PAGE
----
Biodiesel is the first and only alternative fuel to have a complete evaluation of emission results and potential health effects submitted to the U.S. Environmental Protection Agency (EPA) under the Clean Air Act Section 211 (b). These programs include the most stringent emissions testing protocols ever required by EPA for certification of fuels or fuel additives in the US. The data gathered through these tests complete the most thorough inventory of the environmental and human health effects attributes that current technology will allow. A survey of the results is provided in the table below.


Emission Type B100 B20
Total Unburned Hydrocarbons -67% -20%
Carbon Monoxide -48% -12%
Particulate Matter -47% -12%
Nox +10% +2%
PAH (Polycyclic Aromatic Hydrocarbons)** -80% -13%
nPAH (nitrated PAH's)** ```` -90% -50%***
Ozone potential of speciated HC -50% -10%
*           Estimated from B100 result    
**         Average reduction across all compounds measured
***       2-nitroflourine results were within test method variability

The overall ozone (smog) forming potential of biodiesel is less than diesel fuel. The ozone forming potential of the speciated hydrocarbon emissions was nearly 50 percent less than that measured for diesel fuel. 

Sulfur emissions are essentially eliminated with pure biodiesel. The exhaust emissions of sulfur oxides and sulfates (major components of acid rain) from biodiesel were essentially eliminated compared to sulfur oxides and sulfates from diesel. 

Criteria pollutants are reduced with biodiesel use. The use of biodiesel in an unmodified Cummins N14 diesel engine resulted in substantial reductions of unburned hydrocarbons, carbon monoxide, and particulate matter. Emissions of nitrogen oxides were slightly increased.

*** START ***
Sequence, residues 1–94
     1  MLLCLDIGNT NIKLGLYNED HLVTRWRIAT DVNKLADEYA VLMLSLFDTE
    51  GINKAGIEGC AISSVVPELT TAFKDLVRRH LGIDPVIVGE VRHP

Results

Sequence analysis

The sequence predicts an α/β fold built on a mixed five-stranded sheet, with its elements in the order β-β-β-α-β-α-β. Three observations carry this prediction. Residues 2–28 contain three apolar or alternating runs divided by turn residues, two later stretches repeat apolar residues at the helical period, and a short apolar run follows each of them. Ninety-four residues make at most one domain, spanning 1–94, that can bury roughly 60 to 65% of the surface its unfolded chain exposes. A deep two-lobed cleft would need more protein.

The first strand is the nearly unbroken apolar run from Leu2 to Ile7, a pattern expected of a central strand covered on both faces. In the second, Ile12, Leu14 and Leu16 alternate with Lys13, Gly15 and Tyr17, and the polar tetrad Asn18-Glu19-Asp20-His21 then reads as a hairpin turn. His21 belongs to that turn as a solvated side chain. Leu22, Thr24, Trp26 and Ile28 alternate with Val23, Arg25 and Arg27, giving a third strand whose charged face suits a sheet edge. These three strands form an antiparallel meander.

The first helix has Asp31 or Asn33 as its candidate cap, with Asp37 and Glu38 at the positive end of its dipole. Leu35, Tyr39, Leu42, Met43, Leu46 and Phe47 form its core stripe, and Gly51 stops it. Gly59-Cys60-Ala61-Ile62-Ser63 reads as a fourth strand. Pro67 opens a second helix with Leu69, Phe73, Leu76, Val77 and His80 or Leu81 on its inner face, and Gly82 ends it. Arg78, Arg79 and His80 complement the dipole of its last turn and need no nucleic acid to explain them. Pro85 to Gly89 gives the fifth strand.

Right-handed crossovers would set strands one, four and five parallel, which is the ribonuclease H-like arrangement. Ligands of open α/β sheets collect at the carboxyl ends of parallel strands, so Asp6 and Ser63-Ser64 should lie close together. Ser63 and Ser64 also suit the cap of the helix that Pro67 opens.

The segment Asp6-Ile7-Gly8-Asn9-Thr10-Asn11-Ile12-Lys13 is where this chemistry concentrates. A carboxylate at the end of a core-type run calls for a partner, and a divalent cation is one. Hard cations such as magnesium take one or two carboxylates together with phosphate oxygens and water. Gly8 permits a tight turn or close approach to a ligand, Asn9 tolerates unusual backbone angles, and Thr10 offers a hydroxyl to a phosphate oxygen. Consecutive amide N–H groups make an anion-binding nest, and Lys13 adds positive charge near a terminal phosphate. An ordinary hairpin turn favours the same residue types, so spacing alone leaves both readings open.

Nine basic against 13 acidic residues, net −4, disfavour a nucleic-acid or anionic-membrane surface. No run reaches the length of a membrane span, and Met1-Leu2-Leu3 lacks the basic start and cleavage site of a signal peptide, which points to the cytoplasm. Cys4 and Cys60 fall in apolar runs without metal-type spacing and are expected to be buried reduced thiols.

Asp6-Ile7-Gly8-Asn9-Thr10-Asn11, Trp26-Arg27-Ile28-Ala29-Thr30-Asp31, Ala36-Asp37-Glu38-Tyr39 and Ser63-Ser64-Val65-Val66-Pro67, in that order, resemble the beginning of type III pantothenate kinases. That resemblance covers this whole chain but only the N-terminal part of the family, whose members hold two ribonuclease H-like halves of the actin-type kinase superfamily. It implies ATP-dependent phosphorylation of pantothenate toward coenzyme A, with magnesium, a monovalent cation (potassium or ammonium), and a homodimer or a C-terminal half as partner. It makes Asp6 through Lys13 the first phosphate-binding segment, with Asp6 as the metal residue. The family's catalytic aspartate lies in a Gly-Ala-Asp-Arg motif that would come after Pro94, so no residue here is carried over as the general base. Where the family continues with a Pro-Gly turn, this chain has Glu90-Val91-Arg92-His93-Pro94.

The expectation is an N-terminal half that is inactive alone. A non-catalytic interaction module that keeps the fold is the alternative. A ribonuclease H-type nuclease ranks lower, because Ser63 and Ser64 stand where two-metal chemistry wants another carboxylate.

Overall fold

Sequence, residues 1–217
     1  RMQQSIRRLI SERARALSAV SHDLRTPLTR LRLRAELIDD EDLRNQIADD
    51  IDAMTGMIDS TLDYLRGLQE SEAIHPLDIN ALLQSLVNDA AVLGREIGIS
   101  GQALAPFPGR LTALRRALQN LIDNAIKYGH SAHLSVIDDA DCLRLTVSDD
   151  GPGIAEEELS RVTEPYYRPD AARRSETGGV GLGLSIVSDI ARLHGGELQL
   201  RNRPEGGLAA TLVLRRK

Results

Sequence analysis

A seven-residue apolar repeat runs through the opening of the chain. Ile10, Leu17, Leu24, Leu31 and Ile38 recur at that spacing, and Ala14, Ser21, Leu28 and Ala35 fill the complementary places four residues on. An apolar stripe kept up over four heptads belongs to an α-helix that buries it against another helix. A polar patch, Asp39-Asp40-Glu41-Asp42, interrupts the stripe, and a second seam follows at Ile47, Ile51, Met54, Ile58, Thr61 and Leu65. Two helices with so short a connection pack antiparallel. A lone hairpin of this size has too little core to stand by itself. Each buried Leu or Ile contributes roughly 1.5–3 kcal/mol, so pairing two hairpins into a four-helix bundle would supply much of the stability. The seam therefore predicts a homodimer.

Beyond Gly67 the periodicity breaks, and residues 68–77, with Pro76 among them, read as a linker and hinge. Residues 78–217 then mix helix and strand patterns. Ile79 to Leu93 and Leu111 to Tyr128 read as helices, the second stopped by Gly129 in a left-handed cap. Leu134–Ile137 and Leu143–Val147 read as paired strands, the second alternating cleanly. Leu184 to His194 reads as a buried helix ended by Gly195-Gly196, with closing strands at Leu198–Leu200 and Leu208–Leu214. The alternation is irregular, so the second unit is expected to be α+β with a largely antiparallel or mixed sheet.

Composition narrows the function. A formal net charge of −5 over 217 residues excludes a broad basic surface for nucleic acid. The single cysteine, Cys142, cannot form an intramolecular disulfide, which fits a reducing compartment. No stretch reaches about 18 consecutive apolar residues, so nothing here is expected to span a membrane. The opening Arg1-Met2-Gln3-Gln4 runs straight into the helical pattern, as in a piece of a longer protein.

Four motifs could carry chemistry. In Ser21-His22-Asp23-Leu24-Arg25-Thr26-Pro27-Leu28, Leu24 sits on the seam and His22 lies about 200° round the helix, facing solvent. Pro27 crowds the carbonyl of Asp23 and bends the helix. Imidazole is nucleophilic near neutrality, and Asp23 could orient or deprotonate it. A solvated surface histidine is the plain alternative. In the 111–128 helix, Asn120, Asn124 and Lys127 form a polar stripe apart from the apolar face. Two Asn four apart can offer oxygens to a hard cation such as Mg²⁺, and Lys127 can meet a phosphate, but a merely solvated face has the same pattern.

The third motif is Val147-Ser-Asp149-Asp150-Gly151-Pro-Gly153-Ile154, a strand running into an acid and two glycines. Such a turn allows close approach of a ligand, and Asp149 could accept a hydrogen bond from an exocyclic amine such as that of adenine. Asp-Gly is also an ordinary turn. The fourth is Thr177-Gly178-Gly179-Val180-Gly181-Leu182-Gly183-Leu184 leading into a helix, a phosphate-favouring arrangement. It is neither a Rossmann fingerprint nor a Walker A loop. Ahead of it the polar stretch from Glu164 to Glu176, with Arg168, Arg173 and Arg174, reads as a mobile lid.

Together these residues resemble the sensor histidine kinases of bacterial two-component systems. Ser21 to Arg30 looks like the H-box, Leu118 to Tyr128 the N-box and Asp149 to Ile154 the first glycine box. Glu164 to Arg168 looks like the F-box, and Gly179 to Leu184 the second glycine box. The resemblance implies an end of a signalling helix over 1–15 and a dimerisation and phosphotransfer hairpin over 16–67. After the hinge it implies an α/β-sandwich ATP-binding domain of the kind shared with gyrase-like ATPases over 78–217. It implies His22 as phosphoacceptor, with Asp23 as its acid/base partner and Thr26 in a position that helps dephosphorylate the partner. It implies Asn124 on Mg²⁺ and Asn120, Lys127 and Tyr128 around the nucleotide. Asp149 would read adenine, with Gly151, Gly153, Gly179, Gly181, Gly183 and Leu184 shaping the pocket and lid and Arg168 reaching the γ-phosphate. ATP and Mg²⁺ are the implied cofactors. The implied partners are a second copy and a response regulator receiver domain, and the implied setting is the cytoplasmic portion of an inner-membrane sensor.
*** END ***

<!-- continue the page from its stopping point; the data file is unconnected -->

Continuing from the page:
Carbon Monoxide - The exhaust emissions of carbon monoxide (a poisonous gas) from biodiesel were 47 percent lower than carbon monoxide emissions from diesel.

Particulate Matter - Breathing particulate has been shown to be a human health hazard. The exhaust emissions of particulate matter from biodiesel were 47 percent lower than overall particulate matter emissions from diesel,

Hydrocarbons - The exhaust emissions of total hydrocarbons (a contributing factor in the localized formation of smog and ozone) were 67 percent lower for biodiesel than diesel fuel.

Nitrogen Oxides - NOx emissions from biodiesel increase or decrease depending on the engine family and testing procedures. NOx emissions (a contributing factor in the localized formation of smog and ozone) from pure (100%) biodiesel increased in this test by 10 percent. However, biodiesel's lack of sulfur allows the use of NOx control technologies that cannot be used with conventional diesel. So, biodiesel NOx emissions can be effectively managed and efficiently eliminated as a concern of the fuel's use.